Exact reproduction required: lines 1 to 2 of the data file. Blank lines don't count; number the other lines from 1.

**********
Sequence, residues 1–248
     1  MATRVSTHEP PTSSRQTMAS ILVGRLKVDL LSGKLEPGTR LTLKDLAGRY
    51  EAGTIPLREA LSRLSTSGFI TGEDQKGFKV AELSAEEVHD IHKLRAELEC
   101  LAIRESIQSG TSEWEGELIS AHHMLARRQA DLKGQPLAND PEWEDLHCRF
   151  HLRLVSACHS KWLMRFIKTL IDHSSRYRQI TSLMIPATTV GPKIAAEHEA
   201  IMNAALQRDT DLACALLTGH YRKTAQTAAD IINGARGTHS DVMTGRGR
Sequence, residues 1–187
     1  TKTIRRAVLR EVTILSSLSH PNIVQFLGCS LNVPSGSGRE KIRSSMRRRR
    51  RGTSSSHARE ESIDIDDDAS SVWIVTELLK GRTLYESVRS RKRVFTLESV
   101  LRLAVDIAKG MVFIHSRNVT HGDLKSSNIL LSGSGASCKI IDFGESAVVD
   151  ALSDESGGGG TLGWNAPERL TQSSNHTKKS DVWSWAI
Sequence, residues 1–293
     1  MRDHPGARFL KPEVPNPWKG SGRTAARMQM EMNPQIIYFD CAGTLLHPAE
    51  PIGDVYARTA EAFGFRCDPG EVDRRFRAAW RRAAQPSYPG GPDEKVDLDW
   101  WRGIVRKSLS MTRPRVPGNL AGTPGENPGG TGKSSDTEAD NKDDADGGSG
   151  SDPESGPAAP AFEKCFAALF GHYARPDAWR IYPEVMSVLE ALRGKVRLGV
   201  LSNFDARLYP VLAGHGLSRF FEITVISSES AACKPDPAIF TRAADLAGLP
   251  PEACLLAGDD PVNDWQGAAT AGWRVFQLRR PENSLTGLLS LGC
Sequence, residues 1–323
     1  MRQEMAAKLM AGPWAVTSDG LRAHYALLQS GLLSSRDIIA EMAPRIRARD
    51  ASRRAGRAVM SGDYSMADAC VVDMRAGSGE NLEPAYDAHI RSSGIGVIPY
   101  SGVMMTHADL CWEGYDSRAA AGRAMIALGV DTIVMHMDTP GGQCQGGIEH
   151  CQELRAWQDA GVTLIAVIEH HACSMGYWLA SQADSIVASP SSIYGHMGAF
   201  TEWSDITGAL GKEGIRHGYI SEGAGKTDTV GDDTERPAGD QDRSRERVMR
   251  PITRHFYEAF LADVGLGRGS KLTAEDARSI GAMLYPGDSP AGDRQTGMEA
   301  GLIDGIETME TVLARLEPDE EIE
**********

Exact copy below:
Sequence, residues 1–248
     1  MATRVSTHEP PTSSRQTMAS ILVGRLKVDL LSGKLEPGTR LTLKDLAGRY